Being Treated Like an Adult


Friday, September 6th 2019, 1:25pm

Over the summer, I interned at Threat Stack which I can confidently say was the most important four months of my life as a developer. Fundamentally it came down to they way they treated me and a culture of personal responsibility that really clicked with me.

On my first day, my team lead told me to open up Jira and take a card. That’s it, I was shown the “platform diagram” (a map of countless microservices that make up the product) and told to have at it. It was overwhelming. But then I took my first card, I finished it, and I took another. The fear wore off and I learned a ton.

At every step of the way my team happily answered my questions, helped me through deploys, and more. I felt constantly supported. But soon I realized that they weren’t doing all of this just because I was an intern who would need help. Over the months, I watched four people onboarded in the exact same way. I wasn’t treated any differently than other full-time software developers.

As I progressed during my time at Threat Stack, my responsibilities grew. My manager would pull me aside and give me critical production tasks to do, I worked closely with architects to refactor important systems, and I was even involved in fixing critical production incidents as they happened. This didn’t all happen at once, when I mentioned to my manager how much I appreciated how they treated me he said that I had earned their trust and that they hadn’t done anything they wouldn’t do for a normal developer. They treated me like an adult.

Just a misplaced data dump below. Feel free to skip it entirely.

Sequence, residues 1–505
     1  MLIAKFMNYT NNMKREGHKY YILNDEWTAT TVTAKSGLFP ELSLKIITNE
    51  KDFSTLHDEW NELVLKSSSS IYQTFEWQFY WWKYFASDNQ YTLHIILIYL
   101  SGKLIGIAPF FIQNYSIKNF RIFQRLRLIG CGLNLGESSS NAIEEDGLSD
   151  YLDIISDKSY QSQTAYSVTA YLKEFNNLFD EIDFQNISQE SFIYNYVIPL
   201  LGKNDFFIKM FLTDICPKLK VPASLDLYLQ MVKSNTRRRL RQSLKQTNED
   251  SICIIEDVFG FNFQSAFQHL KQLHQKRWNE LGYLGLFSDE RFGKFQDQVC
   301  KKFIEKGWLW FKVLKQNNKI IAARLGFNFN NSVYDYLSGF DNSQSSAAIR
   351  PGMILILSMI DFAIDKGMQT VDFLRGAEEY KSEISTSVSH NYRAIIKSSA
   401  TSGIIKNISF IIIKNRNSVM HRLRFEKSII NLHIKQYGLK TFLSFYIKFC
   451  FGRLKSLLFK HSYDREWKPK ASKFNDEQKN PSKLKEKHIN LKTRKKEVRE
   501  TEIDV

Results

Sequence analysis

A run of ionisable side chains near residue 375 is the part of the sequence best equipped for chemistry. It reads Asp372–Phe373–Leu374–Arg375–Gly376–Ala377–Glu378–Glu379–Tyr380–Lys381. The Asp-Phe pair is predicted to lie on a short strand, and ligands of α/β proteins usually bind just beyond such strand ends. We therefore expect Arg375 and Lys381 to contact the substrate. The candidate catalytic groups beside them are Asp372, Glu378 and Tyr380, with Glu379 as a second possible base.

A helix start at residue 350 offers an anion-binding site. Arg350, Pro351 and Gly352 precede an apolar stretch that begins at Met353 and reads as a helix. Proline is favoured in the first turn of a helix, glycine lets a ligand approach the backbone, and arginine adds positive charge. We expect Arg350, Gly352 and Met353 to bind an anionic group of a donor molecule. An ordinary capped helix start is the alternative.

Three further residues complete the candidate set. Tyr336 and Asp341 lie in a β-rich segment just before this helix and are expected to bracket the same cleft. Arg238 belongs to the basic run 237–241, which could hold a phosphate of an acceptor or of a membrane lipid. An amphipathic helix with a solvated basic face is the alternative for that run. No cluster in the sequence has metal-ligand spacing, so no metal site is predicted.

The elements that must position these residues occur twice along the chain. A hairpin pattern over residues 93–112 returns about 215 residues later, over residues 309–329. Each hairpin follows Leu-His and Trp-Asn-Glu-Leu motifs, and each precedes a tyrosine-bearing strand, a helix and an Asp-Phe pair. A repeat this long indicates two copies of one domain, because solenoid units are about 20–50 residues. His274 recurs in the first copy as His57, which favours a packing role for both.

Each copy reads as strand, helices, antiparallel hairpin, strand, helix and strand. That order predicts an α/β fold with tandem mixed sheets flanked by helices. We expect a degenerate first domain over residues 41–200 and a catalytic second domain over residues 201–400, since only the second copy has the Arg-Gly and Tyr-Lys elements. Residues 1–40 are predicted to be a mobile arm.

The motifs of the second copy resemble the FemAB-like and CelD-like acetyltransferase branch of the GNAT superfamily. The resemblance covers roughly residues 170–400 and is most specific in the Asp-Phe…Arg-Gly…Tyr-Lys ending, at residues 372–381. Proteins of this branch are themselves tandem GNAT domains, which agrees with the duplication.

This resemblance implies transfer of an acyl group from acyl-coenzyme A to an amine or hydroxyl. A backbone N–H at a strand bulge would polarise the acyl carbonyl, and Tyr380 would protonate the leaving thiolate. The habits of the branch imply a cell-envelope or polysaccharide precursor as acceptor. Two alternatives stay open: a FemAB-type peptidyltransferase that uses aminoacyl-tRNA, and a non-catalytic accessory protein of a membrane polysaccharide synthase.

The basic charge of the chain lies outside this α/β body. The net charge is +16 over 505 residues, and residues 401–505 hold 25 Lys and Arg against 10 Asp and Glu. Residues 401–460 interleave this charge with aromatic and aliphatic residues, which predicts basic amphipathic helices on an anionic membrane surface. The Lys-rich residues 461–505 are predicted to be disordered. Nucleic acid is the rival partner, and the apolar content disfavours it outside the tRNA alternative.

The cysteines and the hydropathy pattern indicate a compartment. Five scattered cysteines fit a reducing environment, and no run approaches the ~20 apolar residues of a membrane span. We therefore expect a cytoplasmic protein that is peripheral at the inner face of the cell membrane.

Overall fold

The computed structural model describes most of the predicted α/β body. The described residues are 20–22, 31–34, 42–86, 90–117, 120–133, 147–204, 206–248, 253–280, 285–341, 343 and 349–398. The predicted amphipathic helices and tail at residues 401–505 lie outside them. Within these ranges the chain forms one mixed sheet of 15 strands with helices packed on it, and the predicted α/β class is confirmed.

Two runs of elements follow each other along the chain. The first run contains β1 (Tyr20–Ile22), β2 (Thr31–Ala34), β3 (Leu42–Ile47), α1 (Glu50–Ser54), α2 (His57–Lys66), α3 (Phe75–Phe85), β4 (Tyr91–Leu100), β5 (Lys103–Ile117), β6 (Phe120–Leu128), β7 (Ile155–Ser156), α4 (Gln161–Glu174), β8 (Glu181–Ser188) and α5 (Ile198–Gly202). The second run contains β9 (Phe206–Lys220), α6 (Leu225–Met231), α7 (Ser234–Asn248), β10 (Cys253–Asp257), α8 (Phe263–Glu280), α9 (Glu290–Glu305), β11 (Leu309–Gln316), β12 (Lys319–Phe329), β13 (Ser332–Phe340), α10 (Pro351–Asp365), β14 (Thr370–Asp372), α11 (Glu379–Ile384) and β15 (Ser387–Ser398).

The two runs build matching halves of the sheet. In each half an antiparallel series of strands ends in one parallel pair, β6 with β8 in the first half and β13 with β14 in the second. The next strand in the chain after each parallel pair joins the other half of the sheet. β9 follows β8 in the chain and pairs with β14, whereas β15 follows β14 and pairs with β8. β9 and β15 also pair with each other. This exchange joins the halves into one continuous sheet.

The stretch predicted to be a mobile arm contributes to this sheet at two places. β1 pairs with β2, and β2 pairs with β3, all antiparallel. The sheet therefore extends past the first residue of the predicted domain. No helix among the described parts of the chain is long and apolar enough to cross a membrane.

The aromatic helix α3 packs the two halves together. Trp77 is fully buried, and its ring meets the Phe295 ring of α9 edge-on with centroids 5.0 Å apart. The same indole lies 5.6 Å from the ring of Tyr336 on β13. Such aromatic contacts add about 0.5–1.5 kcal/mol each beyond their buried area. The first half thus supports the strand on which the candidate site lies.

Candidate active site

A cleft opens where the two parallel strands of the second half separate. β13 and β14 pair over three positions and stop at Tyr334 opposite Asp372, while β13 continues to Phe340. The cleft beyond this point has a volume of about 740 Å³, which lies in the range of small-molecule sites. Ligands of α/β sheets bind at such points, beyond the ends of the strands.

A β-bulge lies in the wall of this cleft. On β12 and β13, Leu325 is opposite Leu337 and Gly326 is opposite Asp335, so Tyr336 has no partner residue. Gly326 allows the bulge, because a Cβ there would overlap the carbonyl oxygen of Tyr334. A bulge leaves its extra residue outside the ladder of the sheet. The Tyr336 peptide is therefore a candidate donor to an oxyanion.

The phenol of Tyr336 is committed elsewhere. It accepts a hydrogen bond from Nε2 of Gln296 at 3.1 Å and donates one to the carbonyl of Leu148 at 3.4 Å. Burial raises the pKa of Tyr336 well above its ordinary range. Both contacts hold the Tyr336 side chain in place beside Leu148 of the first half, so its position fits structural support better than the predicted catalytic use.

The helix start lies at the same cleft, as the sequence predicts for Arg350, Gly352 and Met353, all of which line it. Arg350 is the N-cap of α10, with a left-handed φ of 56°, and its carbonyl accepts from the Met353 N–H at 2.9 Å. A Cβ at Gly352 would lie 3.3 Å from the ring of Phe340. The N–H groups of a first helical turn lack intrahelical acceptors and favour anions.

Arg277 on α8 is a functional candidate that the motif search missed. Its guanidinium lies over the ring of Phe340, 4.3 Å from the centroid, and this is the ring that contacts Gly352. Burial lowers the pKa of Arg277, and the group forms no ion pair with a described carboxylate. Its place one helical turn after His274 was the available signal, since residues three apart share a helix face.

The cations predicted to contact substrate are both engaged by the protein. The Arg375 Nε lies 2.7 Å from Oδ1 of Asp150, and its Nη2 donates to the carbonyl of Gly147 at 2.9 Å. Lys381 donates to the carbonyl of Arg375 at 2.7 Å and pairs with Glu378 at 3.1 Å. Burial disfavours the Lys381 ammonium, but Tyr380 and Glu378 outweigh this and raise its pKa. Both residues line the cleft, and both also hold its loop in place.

This seems experience seems so simple to outsiders, but it’s such a rare experience for interns. We’re often given solo projects, put on bug fixing duty, or, if we get lucky, allowed to work with QA. But being given the responsibilities of a software developer is like drinking from the fire hose. It’s a learning experience like no other.

Threat Stack gave me the space to grow and didn’t put in place any artificial limits on my work simply because I was an intern. For four months I felt constantly challenged, valued, and learned an incredible amount.

I have to complete two Co-ops (six month internships run by Northeastern) before I graduate. Threat Stack proved to me that I need to find that company where the title of Intern doesn’t carry baggage. I need to find that company that will let me earn the trust of my managers and coworkers. I need to find that company willing to treat an intern like an adult.

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© 2018-2019 Jake Kinsella